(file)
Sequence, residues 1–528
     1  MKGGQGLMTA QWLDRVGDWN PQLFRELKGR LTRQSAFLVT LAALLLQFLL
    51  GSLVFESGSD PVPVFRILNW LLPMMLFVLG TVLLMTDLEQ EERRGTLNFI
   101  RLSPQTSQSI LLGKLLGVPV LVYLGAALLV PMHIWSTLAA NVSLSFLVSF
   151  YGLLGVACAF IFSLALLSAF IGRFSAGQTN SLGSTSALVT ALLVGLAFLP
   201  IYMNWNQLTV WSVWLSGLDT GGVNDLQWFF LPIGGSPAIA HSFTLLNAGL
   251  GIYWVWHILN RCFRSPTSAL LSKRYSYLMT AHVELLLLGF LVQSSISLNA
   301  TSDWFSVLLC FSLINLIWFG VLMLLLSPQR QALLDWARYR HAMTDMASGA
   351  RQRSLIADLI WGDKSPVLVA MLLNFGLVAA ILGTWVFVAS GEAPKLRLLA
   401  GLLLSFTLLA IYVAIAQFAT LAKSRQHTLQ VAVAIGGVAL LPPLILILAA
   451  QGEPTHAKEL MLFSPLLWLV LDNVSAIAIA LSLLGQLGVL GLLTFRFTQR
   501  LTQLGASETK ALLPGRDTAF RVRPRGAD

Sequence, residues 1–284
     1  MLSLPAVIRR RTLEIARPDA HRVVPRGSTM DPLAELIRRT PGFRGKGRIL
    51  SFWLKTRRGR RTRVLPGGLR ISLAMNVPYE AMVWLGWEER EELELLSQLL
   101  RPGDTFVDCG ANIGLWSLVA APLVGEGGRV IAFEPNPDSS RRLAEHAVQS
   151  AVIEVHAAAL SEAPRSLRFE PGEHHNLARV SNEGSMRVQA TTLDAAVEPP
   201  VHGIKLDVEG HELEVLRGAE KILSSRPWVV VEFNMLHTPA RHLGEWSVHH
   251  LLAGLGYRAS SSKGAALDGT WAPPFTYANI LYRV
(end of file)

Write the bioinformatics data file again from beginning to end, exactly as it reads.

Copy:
Sequence, residues 1–528
     1  MKGGQGLMTA QWLDRVGDWN PQLFRELKGR LTRQSAFLVT LAALLLQFLL
    51  GSLVFESGSD PVPVFRILNW LLPMMLFVLG TVLLMTDLEQ EERRGTLNFI
   101  RLSPQTSQSI LLGKLLGVPV LVYLGAALLV PMHIWSTLAA NVSLSFLVSF
   151  YGLLGVACAF IFSLALLSAF IGRFSAGQTN SLGSTSALVT ALLVGLAFLP
   201  IYMNWNQLTV WSVWLSGLDT GGVNDLQWFF LPIGGSPAIA HSFTLLNAGL
   251  GIYWVWHILN RCFRSPTSAL LSKRYSYLMT AHVELLLLGF LVQSSISLNA
   301  TSDWFSVLLC FSLINLIWFG VLMLLLSPQR QALLDWARYR HAMTDMASGA
   351  RQRSLIADLI WGDKSPVLVA MLLNFGLVAA ILGTWVFVAS GEAPKLRLLA
   401  GLLLSFTLLA IYVAIAQFAT LAKSRQHTLQ VAVAIGGVAL LPPLILILAA
   451  QGEPTHAKEL MLFSPLLWLV LDNVSAIAIA LSLLGQLGVL GLLTFRFTQR
   501  LTQLGASETK ALLPGRDTAF RVRPRGAD

Sequence, residues 1–284
     1  MLSLPAVIRR RTLEIARPDA HRVVPRGSTM DPLAELIRRT PGFRGKGRIL
    51  SFWLKTRRGR RTRVLPGGLR ISLAMNVPYE AMVWLGWEER EELELLSQLL
   101  RPGDTFVDCG ANIGLWSLVA APLVGEGGRV IAFEPNPDSS RRLAEHAVQS
   151  AVIEVHAAAL SEAPRSLRFE PGEHHNLARV SNEGSMRVQA TTLDAAVEPP
   201  VHGIKLDVEG HELEVLRGAE KILSSRPWVV VEFNMLHTPA RHLGEWSVHH
   251  LLAGLGYRAS SSKGAALDGT WAPPFTYANI LYRV